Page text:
Another round of personnel moves for General Motors in Europe last week highlighted an issue that has dogged the automaker for a decade, if not longer.
What to do with Opel and Chevrolet?
GM CEO Dan Akerson admitted there have been "channel conflicts" between the two brands.
His appointment of Opel strategy chief Thomas Sedan as the head of Chevrolet and Cadillac in Europe is another attempt to define the swim lanes for the respective brands -- something that has eluded many GM executives.
The issue is simple: There's too much overlap between Chevrolet and Opel.
There's no question that GM's product has improved substantially, and there's no reason GM vehicles should not be on buyer consideration lists.
But the positioning of Chevrolet and Opel has been fuzzy, at best, and perpetually in a state of change. Without a clear differentiation between Opel and Chevrolet, Opel will remain a domestic German brand and Chevrolet will be lost in a battle to compete with a host of worthy competitors in Western Europe.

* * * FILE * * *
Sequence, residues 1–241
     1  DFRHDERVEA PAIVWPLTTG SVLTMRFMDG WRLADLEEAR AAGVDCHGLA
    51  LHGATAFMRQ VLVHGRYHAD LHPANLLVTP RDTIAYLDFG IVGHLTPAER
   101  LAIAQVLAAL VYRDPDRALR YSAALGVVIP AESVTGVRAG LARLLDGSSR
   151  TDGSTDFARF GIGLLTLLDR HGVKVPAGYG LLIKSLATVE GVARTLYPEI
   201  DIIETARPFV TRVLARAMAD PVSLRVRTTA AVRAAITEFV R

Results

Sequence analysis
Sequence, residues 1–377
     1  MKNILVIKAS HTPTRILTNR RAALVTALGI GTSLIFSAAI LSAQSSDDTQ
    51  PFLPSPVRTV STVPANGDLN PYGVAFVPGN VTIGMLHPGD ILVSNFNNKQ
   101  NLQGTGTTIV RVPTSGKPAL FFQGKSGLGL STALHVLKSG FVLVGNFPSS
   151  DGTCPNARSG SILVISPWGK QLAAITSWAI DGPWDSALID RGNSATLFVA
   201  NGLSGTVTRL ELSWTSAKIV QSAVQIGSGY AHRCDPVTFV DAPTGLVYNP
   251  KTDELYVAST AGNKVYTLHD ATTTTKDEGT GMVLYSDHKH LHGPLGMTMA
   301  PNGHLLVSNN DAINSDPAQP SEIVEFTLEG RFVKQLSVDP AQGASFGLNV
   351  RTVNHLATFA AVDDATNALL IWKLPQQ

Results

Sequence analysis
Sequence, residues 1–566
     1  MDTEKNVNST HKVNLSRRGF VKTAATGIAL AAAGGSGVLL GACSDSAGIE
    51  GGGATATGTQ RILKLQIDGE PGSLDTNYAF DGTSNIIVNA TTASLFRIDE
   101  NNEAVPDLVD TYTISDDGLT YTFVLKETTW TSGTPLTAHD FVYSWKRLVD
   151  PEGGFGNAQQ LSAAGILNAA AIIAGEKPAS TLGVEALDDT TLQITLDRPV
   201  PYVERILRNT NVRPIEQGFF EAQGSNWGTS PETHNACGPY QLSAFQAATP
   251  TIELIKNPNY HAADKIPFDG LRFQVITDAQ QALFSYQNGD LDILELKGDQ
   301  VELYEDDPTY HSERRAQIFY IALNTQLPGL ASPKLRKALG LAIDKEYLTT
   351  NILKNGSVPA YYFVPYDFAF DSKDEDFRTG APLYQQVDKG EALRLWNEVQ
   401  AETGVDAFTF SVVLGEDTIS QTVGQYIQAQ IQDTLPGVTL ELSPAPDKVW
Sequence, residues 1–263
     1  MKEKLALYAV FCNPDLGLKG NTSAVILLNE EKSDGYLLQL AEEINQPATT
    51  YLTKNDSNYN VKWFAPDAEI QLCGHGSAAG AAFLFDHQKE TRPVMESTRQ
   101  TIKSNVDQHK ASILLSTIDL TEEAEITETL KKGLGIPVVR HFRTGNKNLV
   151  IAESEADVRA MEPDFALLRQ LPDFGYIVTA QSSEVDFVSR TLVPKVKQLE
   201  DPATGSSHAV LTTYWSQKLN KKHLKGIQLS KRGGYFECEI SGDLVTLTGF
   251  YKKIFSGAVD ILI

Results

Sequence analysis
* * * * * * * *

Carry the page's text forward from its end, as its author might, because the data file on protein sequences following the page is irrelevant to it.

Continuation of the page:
GM shouldn't fight itself for every sale. It should clearly, and finally, state the position of Opel and Chevrolet.
It won't be easy to shape new identities and perceptions for two historic brands.
But it's the only way to try to win. Again.